Teardrops from My Eyes

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"Teardrops from My Eyes", written by Rudy Toombs, was the first upbeat major hit for Ruth Brown, establishing her as an important figure in rhythm and blues. Recorded for Atlantic Records in New York City in September 1950, and released in October, it was on BillBoard's List of number-one R&B hits for eleven non-consecutive weeks. It was Atlantic's first release on the new 45-rpm record format. The huge hit earned her the nickname "Miss Rhythm" and within a few months Ruth Brown became the acknowledged queen of R&B. "Teardrops from My Eyes" was her first of five number one R&B hits.[1]

Story behind the hit[edit]

Before this hit single, Ruth Brown was thought of strictly as a torch singer. When Ruby Toombs showed her the song she was initially reluctant to do it as it was so rhymatically different from the popular standards and ballads she was comfortable singing. The change of tempo, the backbeat of four/four, at first led her to dig in her heels. But Ahmet Ertegün, sensing the time was right, urged her to give the song a try and so she went along with his choice of tunes for her.[2] The song featured a tenor solo by Budd Johnson.[3]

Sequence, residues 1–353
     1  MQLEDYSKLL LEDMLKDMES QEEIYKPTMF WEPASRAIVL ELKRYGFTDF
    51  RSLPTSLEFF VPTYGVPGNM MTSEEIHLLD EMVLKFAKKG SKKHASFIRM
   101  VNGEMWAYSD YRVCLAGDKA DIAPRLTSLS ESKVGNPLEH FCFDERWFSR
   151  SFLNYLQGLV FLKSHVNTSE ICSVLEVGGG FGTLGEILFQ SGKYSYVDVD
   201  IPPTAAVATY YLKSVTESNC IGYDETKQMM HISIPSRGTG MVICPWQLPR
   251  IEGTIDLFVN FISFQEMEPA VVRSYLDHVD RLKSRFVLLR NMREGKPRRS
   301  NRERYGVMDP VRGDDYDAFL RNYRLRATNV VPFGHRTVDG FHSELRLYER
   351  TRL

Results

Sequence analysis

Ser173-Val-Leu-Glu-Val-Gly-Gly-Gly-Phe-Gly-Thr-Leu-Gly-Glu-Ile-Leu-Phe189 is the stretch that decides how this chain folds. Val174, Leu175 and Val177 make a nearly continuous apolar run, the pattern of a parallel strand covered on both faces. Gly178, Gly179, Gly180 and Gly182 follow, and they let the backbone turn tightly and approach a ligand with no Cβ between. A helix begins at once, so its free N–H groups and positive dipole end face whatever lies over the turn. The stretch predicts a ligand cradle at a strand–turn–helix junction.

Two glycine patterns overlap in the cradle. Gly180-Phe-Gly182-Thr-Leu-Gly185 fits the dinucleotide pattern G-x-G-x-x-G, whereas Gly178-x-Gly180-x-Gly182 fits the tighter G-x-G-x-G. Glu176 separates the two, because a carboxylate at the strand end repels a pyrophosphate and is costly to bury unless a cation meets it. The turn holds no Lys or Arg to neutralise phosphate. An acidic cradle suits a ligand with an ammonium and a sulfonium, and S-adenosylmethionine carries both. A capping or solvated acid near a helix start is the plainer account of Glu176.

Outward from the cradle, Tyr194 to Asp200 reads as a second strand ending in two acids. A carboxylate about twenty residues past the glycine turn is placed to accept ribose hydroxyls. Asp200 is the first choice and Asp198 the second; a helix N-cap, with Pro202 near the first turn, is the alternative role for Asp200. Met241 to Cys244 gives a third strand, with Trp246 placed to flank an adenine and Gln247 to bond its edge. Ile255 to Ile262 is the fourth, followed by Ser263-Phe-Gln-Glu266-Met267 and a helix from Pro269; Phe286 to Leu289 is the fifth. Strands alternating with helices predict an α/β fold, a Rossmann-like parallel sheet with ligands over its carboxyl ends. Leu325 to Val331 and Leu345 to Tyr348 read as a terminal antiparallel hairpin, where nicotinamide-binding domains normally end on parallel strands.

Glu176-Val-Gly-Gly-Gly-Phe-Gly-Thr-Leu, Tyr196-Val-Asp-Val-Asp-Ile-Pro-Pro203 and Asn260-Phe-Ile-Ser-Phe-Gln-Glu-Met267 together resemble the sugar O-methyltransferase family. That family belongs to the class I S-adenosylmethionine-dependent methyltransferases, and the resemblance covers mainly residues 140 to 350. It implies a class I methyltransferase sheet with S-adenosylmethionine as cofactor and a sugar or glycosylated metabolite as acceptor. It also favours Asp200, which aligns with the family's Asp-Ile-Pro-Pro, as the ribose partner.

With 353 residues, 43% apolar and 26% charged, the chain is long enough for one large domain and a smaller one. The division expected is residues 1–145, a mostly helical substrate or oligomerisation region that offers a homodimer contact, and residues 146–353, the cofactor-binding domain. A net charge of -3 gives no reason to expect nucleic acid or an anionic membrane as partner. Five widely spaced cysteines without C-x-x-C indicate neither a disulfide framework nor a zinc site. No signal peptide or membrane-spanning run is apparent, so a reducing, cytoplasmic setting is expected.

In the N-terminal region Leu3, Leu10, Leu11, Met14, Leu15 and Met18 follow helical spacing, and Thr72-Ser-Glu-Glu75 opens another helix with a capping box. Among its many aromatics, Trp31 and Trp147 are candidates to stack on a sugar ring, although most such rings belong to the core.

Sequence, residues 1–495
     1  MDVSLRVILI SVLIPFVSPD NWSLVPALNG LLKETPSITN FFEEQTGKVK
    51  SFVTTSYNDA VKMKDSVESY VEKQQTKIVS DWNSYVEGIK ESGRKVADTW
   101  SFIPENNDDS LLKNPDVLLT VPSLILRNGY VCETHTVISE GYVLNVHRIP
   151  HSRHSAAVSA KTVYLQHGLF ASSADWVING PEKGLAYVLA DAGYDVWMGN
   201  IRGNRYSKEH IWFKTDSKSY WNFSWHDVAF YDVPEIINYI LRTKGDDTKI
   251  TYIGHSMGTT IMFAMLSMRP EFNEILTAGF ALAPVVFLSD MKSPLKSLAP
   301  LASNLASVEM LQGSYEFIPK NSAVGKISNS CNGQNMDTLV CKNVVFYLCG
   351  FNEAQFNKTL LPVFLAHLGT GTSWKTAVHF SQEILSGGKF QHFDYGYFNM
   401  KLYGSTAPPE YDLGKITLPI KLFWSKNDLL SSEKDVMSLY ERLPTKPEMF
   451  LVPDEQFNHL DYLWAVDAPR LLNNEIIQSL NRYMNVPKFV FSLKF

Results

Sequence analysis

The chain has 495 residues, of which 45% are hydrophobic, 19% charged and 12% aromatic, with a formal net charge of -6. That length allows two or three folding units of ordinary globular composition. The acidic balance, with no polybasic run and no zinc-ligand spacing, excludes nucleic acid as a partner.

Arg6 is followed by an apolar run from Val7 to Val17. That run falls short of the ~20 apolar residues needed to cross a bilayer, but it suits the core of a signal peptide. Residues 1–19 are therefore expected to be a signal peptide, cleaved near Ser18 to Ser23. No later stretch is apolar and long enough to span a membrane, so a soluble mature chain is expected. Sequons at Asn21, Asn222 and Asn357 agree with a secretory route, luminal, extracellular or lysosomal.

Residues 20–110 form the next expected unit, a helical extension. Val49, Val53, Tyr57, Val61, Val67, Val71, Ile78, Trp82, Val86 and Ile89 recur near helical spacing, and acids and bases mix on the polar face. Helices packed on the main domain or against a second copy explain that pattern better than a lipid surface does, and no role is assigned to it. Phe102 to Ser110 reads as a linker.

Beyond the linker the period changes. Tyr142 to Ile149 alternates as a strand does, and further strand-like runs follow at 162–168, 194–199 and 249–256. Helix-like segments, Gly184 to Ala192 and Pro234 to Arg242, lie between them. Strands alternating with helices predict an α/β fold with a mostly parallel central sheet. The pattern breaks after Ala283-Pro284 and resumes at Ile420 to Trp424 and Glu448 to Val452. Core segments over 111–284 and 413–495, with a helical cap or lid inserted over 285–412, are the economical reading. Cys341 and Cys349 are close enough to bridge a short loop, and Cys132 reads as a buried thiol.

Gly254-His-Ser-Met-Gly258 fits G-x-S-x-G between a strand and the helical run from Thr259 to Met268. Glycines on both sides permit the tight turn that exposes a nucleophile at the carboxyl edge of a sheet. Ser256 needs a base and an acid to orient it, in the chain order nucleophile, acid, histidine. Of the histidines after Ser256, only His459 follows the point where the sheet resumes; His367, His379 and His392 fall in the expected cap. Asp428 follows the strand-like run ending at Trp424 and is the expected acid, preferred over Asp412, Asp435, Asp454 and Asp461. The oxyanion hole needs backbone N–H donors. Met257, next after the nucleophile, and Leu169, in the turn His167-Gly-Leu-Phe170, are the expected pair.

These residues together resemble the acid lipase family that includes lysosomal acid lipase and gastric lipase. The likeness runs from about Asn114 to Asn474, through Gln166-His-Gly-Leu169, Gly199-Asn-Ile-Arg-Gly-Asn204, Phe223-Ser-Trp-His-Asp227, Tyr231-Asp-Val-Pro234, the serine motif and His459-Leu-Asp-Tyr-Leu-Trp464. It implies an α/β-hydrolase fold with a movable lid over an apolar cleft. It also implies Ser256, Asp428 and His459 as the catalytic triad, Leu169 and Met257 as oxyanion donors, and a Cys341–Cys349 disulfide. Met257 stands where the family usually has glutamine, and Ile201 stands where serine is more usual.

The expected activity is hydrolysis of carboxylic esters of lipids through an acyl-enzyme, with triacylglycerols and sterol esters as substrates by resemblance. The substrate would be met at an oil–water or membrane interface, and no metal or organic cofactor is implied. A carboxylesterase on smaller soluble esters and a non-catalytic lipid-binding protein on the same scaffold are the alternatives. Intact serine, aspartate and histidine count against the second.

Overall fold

Atlantic used a process that it would repeat over the years, that is, turning an uptown singer funky. As with Ruth Brown, Ahmet Ertegün's method was to introduce popular black musical artists to older and more powerful black musical modes.[2]

Important cover versions[edit]

Notes[edit]

  1. ^ Jim Dawson, & Steve Propes (1992). What Was the First Rock'n'Roll Record. Boston & London: Faber & Faber. pp. 76–79. ISBN 978-0-571-12939-3. 
  2. ^ a b Shaw, Arnold (1978). Honkers and Shouters. New York: Macmillan Publishing Company. pp. 398–409. ISBN 978-0-02-061740-2. 
  3. ^ Gillett, Charlie (1996). The Sound of the City: The Rise of Rock and Roll ((2nd Ed.) ed.). New York, N.Y.: Da Capo Press. p. 130. ISBN 978-0-306-80683-4. 
Preceded by
"Please Send Me Someone to Love" by Percy Mayfield and Orchestra
Billboard Best Selling Retail Rhythm & Blues Records number-one single
December 9, 1950
January 12, 1951
Succeeded by
"Bad, Bad Whiskey" by Amos Milburn and His Aladdin Chickenshackers
"Black Night" by Charles Brown and His Band